Vermiculite and calcined clay components decrease iron/manganese toxicity symptoms in seed geranium at low pH in a peat-based substrate
The objective was to evaluate whether increasing the cation exchange capacity in a peat-based substrate could reduce the incidence of iron/manganese toxicity symptoms in seed geranium (Pelargonium × hortorum L.H.Bail.) LSQUORingo ScarletRSQUO at low substrate pH levels. In two experiments, 70% peat was combined with various combinations of 15-30% of perlite, vermiculite, and/or calcined clay by volume, and hydrated lime was incorporated to provide pH levels of 3.3-6.3. Addition of vermiculite or clay increased the cation exchange capacity in the substrates by up to 44% on a substrate volume basis compared with the peat/perlite substrate. In Experiment 1, a substrate with 70% peat/15% perlite/15% vermiculite reduced tissue Fe and Mn levels in the pH range of 4-5 compared with 70% peat/30% perlite, resulting in lower micronutrient toxicity symptoms (chlorosis and necrotic spotting). In Experiment 2, combinations of peat with 15-30% vermiculite or calcined clay also increased SPAD chlorophyll index and reduced leaf necrosis compared with the 70% peat/30% perlite substrate between pH 4-5.5, with the exception of 70% peat/30% vermiculite at pH 4.3. The trends in observed micronutrient uptake, plant growth, and toxicity symptoms indicate that increasing the substrate CEC buffered the level of Fe and Mn available for plant uptake. A pH level above 6.0 is the recommended method to reduce iron/manganese toxicity in iron-efficient plants, however the choice of substrate components can also affect risk of toxicity symptoms at low pH.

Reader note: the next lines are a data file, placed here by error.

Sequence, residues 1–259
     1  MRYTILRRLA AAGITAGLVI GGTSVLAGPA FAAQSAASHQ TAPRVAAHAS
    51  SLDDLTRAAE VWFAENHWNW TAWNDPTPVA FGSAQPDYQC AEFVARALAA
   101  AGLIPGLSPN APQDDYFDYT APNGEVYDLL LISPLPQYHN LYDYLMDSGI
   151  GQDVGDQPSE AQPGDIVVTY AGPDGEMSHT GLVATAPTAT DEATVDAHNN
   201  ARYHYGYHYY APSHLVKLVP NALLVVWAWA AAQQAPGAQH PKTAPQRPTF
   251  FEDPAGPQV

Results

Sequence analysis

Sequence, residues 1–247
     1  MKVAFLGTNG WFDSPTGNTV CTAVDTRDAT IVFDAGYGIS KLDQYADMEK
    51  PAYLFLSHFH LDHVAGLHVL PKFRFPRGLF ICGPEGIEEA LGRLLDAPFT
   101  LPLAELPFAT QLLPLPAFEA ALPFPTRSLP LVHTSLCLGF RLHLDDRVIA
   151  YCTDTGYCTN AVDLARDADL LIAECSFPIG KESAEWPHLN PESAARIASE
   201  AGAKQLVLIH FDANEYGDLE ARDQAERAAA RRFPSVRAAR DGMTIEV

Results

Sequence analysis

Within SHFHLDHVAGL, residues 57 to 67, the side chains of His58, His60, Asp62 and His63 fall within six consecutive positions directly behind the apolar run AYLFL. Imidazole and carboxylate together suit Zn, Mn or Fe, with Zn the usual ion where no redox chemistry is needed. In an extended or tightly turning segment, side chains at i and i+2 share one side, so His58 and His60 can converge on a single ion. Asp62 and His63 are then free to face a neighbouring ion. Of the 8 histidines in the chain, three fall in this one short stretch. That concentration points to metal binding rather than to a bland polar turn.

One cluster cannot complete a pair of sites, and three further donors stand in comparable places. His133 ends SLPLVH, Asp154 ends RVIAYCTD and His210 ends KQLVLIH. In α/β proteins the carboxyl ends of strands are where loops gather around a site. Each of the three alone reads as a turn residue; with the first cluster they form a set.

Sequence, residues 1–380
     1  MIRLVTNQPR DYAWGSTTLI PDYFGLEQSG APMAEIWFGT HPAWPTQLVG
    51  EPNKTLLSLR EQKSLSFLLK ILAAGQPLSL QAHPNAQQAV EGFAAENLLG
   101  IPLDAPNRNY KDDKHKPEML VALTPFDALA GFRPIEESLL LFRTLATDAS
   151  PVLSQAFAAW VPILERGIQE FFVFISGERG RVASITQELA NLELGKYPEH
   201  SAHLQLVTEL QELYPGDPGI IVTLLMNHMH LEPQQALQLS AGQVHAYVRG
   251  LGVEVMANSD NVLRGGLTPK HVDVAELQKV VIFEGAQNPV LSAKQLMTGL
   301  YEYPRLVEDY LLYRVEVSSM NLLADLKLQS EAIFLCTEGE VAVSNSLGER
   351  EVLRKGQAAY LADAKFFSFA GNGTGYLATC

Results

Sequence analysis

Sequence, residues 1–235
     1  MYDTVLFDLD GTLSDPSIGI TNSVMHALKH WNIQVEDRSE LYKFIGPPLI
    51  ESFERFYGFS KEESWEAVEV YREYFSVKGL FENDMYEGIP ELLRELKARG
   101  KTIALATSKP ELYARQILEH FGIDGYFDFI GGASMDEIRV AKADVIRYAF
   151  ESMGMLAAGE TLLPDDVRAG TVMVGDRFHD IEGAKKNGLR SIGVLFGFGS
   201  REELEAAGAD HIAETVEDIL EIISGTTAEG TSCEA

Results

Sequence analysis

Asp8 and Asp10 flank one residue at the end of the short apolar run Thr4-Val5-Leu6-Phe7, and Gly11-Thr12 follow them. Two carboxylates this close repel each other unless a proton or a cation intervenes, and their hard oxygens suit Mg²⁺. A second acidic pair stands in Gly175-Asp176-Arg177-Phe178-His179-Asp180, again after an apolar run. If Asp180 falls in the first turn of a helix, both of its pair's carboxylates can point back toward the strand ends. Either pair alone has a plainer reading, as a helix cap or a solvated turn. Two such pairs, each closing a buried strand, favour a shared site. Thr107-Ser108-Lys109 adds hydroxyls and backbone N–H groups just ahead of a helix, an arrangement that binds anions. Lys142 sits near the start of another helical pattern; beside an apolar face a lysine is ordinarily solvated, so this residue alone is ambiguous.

Fisher, P.R. and Smith, B.R. 2017. Vermiculite and calcined clay components decrease iron/manganese toxicity symptoms in seed geranium at low pH in a peat-based substrate. Acta Hort. (ISHS) 1168:253-260
cation exchange capacity, CEC, micronutrient, nutrient availability, perlite, pH management